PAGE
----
However, in connection with the bankruptcies of the English and French kingdoms (1340), a serious financial crisis broke out in the country, which particularly affected the main banking houses of Bardi and Peruzzi. The crisis significantly undermined the position of the Florentine oligarchy and contributed to the democratization of the state system. The population of the city at this time had grown to 120 thousand people, and the proportion of unsalaried artisans and salaried workers had increased significantly. They did not have a representative office in the governing bodies and the right to join trade and craft corporations. This intensified the antagonism between the workshops and the unguilded population and led to hunger riots (1368) and the first workers” strikes in European history (strike (1345) of combers). In 1346, a law was passed that stripped the electoral rights of immigrants whose parents were not born in Florence. The government attempted to prohibit (1347) the occupation of government posts by Ghibellines, but this law was not passed due to resistance from the younger workshops, who feared electoral abuse. The plague epidemic (1348), which killed almost half of the population, briefly restricted the process of strengthening the aristocratic elements, however, already in 1351 the law on the Ghibellines was finally passed, and the right to determine the persons removed from office in the Signoria was granted. As a result, a significant number of citizens were deprived of suffrage.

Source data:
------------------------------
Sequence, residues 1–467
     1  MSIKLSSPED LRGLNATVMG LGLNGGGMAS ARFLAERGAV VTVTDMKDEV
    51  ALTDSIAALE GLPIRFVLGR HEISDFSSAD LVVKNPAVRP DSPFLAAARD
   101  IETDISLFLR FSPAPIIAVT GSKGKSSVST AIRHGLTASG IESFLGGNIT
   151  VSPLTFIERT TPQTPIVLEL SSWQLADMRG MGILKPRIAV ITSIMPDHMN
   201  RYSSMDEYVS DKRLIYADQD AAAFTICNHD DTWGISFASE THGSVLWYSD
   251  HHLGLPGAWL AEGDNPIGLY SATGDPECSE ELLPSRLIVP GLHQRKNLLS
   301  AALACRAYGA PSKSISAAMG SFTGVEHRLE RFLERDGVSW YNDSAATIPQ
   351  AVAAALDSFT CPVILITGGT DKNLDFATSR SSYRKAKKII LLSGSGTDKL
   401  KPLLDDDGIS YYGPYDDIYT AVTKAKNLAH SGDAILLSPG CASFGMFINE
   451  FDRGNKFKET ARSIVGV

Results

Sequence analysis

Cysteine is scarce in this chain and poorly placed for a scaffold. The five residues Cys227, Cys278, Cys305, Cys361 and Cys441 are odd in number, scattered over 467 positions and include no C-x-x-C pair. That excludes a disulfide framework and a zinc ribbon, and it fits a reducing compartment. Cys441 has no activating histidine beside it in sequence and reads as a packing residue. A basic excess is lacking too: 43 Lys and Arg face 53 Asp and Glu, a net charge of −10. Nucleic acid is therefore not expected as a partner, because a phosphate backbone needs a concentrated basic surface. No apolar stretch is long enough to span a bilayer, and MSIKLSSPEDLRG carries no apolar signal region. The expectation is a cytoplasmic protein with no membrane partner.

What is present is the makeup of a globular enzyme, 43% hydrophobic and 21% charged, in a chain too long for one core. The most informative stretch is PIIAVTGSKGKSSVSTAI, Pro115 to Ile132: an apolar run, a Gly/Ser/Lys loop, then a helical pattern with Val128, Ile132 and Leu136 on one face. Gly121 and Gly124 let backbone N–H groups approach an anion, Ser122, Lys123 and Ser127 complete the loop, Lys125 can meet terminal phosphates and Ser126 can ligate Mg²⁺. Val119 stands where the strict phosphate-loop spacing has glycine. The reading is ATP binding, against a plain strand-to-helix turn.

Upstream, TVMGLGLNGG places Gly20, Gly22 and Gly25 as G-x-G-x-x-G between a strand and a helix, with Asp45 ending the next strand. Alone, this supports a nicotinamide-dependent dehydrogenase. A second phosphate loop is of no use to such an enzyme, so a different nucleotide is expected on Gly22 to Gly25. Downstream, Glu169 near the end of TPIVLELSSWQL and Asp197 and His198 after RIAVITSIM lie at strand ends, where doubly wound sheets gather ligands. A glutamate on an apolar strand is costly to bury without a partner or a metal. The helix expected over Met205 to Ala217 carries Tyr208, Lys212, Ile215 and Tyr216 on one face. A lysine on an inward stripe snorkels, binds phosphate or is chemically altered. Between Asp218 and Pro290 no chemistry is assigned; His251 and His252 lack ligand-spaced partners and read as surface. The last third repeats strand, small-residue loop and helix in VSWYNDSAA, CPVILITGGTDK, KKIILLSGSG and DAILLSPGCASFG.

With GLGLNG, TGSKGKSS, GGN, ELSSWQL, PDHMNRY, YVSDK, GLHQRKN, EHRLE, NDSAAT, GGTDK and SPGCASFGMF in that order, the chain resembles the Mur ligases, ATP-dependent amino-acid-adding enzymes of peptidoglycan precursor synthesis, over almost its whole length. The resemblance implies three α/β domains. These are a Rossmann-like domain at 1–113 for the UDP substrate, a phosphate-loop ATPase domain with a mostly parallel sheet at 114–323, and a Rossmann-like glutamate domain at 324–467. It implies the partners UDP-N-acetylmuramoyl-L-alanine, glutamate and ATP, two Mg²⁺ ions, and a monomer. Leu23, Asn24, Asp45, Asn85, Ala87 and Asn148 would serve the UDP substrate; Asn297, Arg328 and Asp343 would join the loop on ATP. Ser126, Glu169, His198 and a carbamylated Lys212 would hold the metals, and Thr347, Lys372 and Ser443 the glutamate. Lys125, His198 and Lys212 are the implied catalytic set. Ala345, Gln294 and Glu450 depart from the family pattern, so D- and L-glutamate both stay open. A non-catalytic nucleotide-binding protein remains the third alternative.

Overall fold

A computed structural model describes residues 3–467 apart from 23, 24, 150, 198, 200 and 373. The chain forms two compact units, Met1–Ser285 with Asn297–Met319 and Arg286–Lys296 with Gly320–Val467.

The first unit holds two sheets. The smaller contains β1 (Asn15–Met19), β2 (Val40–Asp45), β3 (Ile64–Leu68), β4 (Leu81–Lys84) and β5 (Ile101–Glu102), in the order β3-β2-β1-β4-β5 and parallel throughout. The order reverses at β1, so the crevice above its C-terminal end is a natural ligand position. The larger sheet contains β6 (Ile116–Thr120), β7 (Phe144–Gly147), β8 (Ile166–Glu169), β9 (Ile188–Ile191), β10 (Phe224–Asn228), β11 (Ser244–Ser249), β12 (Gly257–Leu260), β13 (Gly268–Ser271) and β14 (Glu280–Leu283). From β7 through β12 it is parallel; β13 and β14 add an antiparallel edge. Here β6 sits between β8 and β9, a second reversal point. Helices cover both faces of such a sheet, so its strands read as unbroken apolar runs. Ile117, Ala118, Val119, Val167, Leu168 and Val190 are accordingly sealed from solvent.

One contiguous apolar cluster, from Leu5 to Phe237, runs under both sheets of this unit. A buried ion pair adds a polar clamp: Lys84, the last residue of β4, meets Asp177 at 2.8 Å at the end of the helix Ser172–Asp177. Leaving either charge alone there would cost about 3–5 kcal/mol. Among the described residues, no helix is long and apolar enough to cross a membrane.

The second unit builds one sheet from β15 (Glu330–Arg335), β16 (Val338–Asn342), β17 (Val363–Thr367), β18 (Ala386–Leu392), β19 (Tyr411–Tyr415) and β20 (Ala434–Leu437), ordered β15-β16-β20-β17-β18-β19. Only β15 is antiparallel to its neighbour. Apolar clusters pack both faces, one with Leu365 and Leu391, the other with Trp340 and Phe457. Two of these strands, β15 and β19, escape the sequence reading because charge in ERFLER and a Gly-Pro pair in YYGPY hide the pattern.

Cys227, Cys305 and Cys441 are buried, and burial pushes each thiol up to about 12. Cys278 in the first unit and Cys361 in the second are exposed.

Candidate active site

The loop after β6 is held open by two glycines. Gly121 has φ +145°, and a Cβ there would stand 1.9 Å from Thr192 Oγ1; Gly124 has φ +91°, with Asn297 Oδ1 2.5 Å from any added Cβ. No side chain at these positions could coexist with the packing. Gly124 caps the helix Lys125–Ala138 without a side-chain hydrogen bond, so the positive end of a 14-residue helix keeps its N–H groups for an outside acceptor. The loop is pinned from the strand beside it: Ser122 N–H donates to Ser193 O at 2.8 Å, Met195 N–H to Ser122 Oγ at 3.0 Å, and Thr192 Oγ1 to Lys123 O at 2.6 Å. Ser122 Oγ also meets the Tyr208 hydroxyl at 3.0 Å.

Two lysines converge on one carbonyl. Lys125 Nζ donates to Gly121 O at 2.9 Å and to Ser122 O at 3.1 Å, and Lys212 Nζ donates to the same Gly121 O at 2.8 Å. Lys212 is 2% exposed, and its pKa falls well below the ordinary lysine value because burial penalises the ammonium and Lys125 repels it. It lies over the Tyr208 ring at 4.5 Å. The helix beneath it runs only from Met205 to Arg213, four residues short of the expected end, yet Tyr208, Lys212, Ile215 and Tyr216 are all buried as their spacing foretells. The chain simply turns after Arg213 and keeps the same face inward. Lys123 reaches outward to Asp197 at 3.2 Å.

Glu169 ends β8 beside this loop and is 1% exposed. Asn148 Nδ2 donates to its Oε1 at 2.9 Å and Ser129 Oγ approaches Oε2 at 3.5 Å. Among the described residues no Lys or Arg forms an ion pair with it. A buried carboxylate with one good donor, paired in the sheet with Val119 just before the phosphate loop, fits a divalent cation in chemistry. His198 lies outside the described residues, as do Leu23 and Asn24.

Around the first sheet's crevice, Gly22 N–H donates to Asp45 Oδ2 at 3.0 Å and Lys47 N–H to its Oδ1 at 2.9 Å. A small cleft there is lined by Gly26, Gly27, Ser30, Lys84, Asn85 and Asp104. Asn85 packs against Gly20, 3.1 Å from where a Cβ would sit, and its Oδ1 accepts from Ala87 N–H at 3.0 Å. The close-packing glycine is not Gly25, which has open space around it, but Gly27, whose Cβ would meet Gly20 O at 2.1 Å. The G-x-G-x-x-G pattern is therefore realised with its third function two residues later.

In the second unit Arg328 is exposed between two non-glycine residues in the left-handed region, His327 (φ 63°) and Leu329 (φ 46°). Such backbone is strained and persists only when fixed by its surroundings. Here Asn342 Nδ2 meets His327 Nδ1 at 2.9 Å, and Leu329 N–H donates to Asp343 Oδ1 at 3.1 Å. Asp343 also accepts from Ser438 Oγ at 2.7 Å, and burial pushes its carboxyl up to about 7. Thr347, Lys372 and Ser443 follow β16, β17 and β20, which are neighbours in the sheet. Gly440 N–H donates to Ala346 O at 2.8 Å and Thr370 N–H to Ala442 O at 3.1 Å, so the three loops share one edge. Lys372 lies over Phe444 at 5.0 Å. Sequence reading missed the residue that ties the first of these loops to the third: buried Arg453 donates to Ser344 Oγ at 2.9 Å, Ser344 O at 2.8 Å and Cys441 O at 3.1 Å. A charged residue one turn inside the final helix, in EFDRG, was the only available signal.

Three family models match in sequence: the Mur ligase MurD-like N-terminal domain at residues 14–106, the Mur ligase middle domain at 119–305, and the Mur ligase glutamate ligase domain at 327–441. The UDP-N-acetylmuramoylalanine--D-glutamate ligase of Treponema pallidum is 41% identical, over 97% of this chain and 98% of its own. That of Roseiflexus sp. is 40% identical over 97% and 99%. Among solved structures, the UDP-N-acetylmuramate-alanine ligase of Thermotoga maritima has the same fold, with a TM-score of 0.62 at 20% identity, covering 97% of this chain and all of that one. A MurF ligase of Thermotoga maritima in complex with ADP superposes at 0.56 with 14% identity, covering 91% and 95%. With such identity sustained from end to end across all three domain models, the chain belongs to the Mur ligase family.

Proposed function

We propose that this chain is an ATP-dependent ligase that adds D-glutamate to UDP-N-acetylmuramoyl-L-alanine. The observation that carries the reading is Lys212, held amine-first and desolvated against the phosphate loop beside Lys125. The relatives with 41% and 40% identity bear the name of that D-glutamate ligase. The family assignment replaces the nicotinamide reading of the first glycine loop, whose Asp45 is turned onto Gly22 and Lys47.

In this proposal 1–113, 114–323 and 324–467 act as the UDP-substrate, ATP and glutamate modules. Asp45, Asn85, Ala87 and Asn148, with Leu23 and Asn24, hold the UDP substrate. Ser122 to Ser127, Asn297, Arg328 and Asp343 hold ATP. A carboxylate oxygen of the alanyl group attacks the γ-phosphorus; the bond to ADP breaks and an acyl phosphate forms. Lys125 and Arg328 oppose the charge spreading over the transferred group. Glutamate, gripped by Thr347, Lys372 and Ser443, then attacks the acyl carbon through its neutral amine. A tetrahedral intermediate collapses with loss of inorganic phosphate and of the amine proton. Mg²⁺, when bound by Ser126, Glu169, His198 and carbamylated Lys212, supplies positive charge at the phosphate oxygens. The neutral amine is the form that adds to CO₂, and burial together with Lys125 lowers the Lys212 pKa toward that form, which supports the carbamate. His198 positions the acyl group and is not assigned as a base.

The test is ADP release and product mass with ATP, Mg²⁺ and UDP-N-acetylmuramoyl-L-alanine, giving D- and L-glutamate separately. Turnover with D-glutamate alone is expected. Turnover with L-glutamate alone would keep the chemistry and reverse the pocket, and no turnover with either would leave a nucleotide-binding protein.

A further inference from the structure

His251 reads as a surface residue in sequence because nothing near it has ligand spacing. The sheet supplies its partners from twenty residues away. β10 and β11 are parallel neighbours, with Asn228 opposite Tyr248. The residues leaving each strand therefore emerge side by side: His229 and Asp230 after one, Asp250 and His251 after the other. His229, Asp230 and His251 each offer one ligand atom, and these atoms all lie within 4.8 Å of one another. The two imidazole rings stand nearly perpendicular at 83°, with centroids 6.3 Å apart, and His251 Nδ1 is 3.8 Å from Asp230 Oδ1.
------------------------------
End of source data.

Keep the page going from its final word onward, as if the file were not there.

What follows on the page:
After the restoration of the democratic constitution (1343), foreign policy lost its expansionist aspirations and was limited to defending the borders of the republic. The practice of hiring military detachments of foreign condottiere began to be used more widely to defend the borders and repel attempts of aggression against Florence by neighboring states. Only in 1362 did the republic become involved in large-scale military operations against Pisa, but the war ended (1364) because of the mutual exhaustion of the parties and the recognition of Florence”s right to free trade through the port of Pisa.

The Ciompi uprising and the rise to power of the oligarchy (end of the 14th – beginning of the 15th century)